This post makes up the first part of making a silkscreen frame. Remember that silkscreen and print screen refer to the same printing technique. Silkscreen is the term applied to the time when the silkscreen mesh was actually silk, between the 18th century and the first half of the 20th century. Print screen is the term applied from the time when the mesh ceased to be made of silk and started to be synthetically manufactured with the discovery of nylon, at the end of the 19th century. But both terms are still used, regardless of its mesh origin, perhaps the silkscreen is more used in manual technique and the print screen in mechanized model like the industrial screen printing. But to differentiate the artistic from the non-artistic there is still the term serigraphy, created by the American National Serigraphy Society, in 1940. You can read more about it in the History of Screen Printing post.
The silkscreen frame, usually made of aluminium or wood, is one of the most important silkscreen printing process pieces, as it holds the stretched mesh, where the matrix corresponding to what you want to print is developed.
Nowadays, the frame is not an expensive piece, costing from around $25.00 (plus shipping) for a model in aluminium and 120T mesh, measuring 50×60 cm, for example, but also depending very much on the brands, manufacturers and countries of origin. Apart from the convenience of coming perfect from the factory, aluminium avoids the maintenance required by wood. However, it is possible to build the frame at home and, in this case, wood becomes more viable, with the advantage of being able to make it in customised sizes, different to the standard sizes supplied by the shops, as well as being able to replace the mesh easily when necessary.
However, making the frame by hand only pays off for those who have access to the right tools to produce perfect frames, otherwise the cost of the material will turn out to be more expensive than buying the frame already made, although the investment can be quickly recovered if there is continuity in the silk-screening experience as more frames are produced.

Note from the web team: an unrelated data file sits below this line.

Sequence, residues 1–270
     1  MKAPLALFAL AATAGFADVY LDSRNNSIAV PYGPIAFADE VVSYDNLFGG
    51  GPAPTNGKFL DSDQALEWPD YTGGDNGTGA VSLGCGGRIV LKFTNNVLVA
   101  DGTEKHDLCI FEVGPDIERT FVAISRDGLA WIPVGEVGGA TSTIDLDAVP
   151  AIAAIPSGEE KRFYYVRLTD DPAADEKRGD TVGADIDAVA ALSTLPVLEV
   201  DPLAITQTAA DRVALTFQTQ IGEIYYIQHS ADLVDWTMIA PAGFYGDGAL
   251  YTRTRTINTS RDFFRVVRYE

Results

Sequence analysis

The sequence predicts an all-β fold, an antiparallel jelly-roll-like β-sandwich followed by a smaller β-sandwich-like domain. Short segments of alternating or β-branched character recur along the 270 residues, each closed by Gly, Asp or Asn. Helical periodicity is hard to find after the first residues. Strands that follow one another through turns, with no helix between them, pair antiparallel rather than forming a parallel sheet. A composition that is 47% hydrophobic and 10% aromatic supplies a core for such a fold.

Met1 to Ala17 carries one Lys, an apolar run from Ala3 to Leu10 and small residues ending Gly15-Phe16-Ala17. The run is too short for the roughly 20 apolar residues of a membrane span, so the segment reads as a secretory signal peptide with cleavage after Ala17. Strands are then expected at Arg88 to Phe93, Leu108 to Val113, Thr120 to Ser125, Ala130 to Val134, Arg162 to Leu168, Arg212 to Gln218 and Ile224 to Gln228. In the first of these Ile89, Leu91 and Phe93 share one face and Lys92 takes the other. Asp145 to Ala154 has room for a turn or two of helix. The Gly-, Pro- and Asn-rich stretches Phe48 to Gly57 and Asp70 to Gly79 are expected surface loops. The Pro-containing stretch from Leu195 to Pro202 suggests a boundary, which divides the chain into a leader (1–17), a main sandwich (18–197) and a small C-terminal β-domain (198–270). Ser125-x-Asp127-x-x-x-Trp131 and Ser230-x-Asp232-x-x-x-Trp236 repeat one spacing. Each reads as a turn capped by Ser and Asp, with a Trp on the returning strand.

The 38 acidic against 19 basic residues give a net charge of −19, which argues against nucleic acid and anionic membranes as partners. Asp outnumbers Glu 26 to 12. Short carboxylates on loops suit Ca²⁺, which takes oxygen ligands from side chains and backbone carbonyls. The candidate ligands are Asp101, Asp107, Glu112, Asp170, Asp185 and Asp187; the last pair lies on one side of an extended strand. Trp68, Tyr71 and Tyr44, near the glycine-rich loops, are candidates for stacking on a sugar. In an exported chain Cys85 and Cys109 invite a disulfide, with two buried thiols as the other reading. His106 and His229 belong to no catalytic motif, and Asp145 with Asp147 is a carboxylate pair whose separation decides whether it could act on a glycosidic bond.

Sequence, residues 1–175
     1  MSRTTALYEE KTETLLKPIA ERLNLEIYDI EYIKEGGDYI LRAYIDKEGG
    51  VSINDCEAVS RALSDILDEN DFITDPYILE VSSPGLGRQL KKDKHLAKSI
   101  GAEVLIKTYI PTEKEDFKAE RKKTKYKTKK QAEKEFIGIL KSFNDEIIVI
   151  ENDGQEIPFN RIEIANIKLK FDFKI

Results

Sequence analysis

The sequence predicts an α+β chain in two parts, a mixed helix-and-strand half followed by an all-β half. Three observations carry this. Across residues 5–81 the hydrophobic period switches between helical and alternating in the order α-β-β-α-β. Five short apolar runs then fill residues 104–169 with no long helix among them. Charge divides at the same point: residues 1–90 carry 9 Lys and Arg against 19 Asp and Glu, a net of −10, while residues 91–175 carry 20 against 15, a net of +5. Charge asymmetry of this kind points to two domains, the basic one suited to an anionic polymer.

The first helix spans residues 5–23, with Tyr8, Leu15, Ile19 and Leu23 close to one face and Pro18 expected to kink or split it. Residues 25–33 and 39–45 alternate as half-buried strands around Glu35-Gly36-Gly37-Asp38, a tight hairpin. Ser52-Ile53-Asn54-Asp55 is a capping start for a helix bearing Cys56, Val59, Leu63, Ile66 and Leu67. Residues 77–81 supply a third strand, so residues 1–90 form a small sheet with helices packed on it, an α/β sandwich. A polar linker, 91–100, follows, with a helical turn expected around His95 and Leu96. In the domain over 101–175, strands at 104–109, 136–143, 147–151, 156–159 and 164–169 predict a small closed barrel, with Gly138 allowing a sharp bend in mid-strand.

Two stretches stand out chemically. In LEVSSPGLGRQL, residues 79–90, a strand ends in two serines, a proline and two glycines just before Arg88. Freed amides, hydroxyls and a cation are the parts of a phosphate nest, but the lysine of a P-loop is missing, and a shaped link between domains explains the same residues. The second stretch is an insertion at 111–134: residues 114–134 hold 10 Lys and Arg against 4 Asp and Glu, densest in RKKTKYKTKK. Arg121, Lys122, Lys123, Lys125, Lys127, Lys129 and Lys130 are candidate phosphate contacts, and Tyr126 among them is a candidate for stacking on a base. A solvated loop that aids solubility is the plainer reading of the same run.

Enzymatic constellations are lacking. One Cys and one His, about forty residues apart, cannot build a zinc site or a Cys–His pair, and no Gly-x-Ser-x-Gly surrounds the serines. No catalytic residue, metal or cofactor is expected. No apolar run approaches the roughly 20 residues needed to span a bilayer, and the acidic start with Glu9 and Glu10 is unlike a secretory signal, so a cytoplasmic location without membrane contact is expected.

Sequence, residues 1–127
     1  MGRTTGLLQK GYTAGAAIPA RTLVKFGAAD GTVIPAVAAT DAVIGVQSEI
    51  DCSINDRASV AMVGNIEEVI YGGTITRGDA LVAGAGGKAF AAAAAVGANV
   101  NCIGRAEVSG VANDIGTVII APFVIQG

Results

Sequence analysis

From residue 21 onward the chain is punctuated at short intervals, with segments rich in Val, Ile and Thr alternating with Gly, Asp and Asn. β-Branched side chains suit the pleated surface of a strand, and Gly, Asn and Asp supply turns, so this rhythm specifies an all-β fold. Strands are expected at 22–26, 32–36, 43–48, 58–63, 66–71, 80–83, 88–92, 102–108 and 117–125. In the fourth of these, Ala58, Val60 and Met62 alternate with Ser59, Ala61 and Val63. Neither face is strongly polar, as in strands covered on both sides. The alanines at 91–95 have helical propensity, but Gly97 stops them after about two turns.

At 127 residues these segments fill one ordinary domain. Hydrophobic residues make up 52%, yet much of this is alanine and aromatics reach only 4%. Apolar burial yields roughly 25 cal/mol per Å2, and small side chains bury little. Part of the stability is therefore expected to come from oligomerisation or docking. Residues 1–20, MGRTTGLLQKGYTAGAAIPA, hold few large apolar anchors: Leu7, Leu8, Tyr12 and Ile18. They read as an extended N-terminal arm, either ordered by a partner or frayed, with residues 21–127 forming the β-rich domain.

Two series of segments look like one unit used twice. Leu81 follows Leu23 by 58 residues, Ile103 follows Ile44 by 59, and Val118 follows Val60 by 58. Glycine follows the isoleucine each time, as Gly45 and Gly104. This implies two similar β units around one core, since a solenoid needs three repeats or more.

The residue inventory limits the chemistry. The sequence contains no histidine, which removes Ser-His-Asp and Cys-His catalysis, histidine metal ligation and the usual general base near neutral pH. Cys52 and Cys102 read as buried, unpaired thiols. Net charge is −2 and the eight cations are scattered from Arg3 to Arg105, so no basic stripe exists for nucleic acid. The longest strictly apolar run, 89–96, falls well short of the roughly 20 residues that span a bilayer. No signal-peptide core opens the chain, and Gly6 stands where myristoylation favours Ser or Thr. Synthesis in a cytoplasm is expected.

If you buy the profile or the frame already made, it is natural to find reference to hardwoods and Swedish redwood, for example, for a high quality product, but in this context of home production it is feasible to choose untreated pine wood, well dried, in small strips to the desired size, 2 to 3 centimetres thick. Either for fixing the joints or for the posterior fixation of the mesh, the most practical tool is the stapler used by upholsterers, but hammer and nails or even waterproof contact glue may be applied.
One of the most economical and simple processes for constructing the silkscreen frame is to use a half square box for cutting the slats and 90º clamps for squaring and gluing. The application of the staples or nails should be done at the end, already after the gluing and period of the frame in clamps tension.
To begin with, choose a small frame size, 30×40 or 30×30 or even smaller (in centimetres).
Other superior clamp options
Any frame joint option is effective as long as it is well elaborated, that is, the final result must present squareness precision without warping, and solidity in the joint, since such aspects substantially interfere in the printing quality, affecting the homogeneity of the stain, definition and register.
In the case of using nails or screws instead of staples, opt for galvanised material, but the protective effect of galvanisation is ineffective on cedar and treated wood, which is why rough pine is the appropriate choice for making the frame.
Most Common Silkscreen Frame Joints
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